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                    expr 0    -- Arity of unfolding doesn't matter
                    (UnfWhen unSaturatedOk boringCxtOk)
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mkInlineUnfolding :: Maybe Arity -> CoreExpr -> Unfolding
mkInlineUnfolding mb_arity expr 
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  = mkCoreUnfolding InlineStable
    		    True 	 -- Note [Top-level flag on inline rules]
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                    expr' arity 
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		    (UnfWhen unsat_ok boring_ok)
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  where
    expr' = simpleOptExpr expr
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    (unsat_ok, arity) = case mb_arity of
                          Nothing -> (unSaturatedOk, manifestArity expr')
                          Just ar -> (needSaturated, ar)
              
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    boring_ok = inlineBoringOk expr'
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mkInlinableUnfolding :: CoreExpr -> Unfolding
mkInlinableUnfolding expr
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  = mkUnfolding InlineStable True is_bot expr'
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  where
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    expr' = simpleOptExpr expr
    is_bot = isJust (exprBotStrictness_maybe expr')
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\end{code}
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Internal functions

\begin{code}
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mkCoreUnfolding :: UnfoldingSource -> Bool -> CoreExpr
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                -> Arity -> UnfoldingGuidance -> Unfolding
-- Occurrence-analyses the expression before capturing it
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mkCoreUnfolding src top_lvl expr arity guidance 
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  = CoreUnfolding { uf_tmpl   	  = occurAnalyseExpr expr,
    		    uf_src        = src,
    		    uf_arity      = arity,
		    uf_is_top 	  = top_lvl,
		    uf_is_value   = exprIsHNF        expr,
                    uf_is_conlike = exprIsConLike    expr,
		    uf_is_cheap   = exprIsCheap      expr,
		    uf_expandable = exprIsExpandable expr,
		    uf_guidance   = guidance }

mkUnfolding :: UnfoldingSource -> Bool -> Bool -> CoreExpr -> Unfolding
-- Calculates unfolding guidance
-- Occurrence-analyses the expression before capturing it
mkUnfolding src top_lvl is_bottoming expr
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  | top_lvl && is_bottoming
  , not (exprIsTrivial expr)
  = NoUnfolding    -- See Note [Do not inline top-level bottoming functions]
  | otherwise
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  = CoreUnfolding { uf_tmpl   	  = occurAnalyseExpr expr,
    		    uf_src        = src,
    		    uf_arity      = arity,
		    uf_is_top 	  = top_lvl,
		    uf_is_value   = exprIsHNF        expr,
                    uf_is_conlike = exprIsConLike    expr,
		    uf_expandable = exprIsExpandable expr,
		    uf_is_cheap   = is_cheap,
		    uf_guidance   = guidance }
  where
    is_cheap = exprIsCheap expr
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    (arity, guidance) = calcUnfoldingGuidance is_cheap
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                                              opt_UF_CreationThreshold expr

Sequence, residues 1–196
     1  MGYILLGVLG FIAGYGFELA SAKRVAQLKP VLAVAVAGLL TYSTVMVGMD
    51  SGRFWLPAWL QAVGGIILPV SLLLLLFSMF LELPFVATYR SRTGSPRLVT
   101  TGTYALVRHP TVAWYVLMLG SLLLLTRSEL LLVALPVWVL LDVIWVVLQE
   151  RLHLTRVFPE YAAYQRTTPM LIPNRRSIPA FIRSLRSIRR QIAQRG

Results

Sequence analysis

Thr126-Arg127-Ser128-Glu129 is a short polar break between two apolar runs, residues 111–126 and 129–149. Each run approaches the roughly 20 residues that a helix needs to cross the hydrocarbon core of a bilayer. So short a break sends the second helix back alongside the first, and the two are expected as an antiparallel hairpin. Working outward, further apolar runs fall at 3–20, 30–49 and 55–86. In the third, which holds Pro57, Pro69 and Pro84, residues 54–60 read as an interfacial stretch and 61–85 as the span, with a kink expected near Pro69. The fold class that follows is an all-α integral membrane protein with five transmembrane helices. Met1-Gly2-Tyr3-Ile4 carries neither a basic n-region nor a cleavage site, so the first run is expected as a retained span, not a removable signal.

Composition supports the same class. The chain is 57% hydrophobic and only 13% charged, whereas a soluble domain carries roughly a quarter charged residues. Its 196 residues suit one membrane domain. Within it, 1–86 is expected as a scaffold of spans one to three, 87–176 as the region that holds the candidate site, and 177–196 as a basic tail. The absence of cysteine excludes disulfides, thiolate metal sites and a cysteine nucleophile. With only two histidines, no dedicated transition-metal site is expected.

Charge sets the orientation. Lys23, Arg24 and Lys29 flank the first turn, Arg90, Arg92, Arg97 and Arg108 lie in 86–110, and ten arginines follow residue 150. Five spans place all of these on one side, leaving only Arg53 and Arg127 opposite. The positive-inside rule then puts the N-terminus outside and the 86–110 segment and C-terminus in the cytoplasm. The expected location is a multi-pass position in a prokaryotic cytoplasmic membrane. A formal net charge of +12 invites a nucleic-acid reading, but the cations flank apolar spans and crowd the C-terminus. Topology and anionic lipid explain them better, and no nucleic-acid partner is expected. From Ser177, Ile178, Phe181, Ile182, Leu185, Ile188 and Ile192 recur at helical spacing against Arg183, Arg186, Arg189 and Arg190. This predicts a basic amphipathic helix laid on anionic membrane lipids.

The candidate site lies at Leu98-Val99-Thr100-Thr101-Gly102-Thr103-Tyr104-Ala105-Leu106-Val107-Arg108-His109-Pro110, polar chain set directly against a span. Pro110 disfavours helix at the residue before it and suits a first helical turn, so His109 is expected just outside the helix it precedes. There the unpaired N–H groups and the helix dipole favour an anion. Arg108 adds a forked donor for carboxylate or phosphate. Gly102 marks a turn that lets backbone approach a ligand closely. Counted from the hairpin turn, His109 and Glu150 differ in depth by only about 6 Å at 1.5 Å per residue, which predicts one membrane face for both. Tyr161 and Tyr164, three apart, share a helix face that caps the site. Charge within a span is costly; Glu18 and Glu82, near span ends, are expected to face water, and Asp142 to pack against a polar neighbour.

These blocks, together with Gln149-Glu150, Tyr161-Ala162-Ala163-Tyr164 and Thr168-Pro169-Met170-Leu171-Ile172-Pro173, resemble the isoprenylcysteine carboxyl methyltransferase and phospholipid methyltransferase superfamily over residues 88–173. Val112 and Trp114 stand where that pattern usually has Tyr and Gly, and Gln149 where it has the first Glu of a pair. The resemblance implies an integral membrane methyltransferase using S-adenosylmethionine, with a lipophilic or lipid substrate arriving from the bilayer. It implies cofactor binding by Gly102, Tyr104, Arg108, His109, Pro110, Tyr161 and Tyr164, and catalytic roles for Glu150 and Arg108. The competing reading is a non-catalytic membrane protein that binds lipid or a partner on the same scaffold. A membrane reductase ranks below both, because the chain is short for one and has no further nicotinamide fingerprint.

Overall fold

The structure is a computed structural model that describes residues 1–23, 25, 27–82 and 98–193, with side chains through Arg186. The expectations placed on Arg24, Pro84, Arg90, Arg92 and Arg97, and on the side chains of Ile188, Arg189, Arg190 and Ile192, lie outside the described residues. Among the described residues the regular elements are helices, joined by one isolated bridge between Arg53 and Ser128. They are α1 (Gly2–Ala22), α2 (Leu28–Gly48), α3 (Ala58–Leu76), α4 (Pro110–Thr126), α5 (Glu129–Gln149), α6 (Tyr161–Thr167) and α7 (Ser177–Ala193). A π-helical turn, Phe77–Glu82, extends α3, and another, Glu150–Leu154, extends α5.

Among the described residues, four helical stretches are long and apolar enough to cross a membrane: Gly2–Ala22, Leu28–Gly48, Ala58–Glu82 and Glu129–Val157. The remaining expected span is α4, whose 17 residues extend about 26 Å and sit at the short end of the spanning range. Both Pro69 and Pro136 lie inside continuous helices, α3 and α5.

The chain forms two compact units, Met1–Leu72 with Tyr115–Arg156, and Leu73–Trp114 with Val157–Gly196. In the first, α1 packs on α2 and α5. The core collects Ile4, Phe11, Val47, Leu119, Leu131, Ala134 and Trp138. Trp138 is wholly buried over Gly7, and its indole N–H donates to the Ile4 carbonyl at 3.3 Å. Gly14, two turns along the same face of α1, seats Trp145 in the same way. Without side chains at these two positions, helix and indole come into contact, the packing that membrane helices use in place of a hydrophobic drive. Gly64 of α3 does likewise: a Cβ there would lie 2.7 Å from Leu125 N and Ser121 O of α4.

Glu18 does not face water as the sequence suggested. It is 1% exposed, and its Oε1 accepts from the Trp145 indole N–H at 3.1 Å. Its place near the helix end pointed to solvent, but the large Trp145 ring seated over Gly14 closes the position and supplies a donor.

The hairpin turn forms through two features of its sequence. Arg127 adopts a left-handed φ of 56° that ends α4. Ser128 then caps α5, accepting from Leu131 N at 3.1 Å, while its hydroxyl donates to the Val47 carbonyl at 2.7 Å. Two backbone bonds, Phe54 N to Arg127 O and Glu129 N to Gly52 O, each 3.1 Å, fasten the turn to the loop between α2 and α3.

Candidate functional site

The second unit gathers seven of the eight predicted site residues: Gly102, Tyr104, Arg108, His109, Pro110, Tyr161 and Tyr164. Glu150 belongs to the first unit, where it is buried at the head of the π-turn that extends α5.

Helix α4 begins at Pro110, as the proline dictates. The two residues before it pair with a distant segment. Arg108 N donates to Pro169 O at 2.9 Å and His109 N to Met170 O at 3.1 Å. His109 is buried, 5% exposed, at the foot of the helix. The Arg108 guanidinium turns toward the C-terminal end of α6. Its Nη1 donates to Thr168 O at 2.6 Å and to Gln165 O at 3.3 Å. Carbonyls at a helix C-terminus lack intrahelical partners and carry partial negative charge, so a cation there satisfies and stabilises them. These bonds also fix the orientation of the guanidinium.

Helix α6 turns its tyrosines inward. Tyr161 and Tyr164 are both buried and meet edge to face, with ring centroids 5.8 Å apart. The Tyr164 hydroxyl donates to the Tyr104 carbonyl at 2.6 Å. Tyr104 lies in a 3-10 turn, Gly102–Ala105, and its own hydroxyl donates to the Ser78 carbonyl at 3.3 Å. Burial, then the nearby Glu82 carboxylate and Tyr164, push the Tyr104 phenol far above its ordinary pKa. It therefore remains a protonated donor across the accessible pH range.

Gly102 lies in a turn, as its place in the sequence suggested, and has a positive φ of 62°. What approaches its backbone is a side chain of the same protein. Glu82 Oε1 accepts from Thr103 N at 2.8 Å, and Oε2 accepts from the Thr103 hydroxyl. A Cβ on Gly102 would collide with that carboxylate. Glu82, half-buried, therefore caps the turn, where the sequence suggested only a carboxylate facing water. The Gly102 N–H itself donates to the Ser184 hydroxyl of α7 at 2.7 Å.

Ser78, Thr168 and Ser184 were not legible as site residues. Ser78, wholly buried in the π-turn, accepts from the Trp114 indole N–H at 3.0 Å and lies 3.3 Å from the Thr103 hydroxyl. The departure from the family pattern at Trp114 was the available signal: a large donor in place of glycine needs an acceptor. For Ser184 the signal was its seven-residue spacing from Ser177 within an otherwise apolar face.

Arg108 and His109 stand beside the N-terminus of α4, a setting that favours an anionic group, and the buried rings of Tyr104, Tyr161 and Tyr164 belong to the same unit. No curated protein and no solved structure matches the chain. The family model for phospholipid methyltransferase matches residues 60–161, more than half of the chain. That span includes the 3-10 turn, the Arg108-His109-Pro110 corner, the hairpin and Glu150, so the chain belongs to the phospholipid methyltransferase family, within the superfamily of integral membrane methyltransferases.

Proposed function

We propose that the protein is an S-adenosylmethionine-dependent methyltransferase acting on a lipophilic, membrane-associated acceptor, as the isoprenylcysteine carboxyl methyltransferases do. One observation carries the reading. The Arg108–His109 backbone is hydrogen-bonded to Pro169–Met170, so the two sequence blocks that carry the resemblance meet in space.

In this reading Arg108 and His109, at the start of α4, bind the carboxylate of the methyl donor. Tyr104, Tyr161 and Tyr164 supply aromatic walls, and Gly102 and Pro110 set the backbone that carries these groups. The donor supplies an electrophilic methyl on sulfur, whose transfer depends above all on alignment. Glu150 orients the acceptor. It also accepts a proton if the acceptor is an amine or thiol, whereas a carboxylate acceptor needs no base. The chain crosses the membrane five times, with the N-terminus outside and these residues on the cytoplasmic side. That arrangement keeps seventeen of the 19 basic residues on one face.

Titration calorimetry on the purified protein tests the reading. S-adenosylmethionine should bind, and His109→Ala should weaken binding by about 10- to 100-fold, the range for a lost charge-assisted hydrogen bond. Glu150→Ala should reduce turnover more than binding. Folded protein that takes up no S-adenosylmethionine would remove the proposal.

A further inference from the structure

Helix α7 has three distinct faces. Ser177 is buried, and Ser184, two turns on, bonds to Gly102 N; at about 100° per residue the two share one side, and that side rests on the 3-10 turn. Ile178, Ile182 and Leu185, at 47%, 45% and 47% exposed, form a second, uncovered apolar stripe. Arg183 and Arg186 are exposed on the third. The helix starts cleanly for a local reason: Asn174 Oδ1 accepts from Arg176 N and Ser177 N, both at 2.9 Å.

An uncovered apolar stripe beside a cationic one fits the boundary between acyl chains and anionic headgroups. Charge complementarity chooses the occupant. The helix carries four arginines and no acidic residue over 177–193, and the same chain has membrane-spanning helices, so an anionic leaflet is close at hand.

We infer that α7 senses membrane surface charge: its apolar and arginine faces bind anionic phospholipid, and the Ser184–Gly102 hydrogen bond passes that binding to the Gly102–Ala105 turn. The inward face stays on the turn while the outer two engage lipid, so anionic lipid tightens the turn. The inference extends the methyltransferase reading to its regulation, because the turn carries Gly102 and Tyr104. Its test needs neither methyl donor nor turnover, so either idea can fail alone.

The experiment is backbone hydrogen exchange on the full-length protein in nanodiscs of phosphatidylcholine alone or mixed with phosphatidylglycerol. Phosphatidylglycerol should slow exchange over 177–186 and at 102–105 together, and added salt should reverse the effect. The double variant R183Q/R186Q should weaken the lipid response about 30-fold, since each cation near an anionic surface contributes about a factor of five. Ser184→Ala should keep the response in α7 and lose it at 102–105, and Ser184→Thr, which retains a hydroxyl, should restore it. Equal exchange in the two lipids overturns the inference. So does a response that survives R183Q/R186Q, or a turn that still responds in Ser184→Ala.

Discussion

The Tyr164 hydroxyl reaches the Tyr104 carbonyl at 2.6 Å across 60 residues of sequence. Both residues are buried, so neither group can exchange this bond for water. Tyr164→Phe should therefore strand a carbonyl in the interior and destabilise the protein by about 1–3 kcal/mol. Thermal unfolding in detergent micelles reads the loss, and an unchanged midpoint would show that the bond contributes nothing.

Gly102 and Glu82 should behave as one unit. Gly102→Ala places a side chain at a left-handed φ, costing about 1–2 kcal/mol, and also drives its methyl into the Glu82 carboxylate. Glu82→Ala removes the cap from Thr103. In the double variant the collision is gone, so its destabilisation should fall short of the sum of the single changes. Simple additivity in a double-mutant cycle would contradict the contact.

-- Sometimes during simplification, there's a large let-bound thing	
	-- which has been substituted, and so is now dead; so 'expr' contains
	-- two copies of the thing while the occurrence-analysed expression doesn't
	-- Nevertheless, we *don't* occ-analyse before computing the size because the
	-- size computation bales out after a while, whereas occurrence analysis does not.
	--
	-- This can occasionally mean that the guidance is very pessimistic;
	-- it gets fixed up next round.  And it should be rare, because large
	-- let-bound things that are dead are usually caught by preInlineUnconditionally
\end{code}
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%************************************************************************
%*									*
\subsection{The UnfoldingGuidance type}
%*									*
%************************************************************************
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\begin{code}
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inlineBoringOk :: CoreExpr -> Bool
-- See Note [INLINE for small functions]
-- True => the result of inlining the expression is 
--         no bigger than the expression itself
--     eg      (\x y -> f y x)
-- This is a quick and dirty version. It doesn't attempt
-- to deal with  (\x y z -> x (y z))
-- The really important one is (x `cast` c)
inlineBoringOk e
  = go 0 e
  where
    go :: Int -> CoreExpr -> Bool
    go credit (Lam x e) | isId x           = go (credit+1) e
                        | otherwise        = go credit e
    go credit (App f (Type {}))            = go credit f
    go credit (App f a) | credit > 0  
                        , exprIsTrivial a  = go (credit-1) f
    go credit (Note _ e) 		   = go credit e     
    go credit (Cast e _) 		   = go credit e
    go _      (Var {})         		   = boringCxtOk
    go _      _                		   = boringCxtNotOk

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calcUnfoldingGuidance
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	:: Bool		-- True <=> the rhs is cheap, or we want to treat it
	   		--          as cheap (INLINE things)	 
        -> Int		-- Bomb out if size gets bigger than this
	-> CoreExpr    	-- Expression to look at
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	-> (Arity, UnfoldingGuidance)
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calcUnfoldingGuidance expr_is_cheap bOMB_OUT_SIZE expr
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  = case collectBinders expr of { (bndrs, body) ->
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    let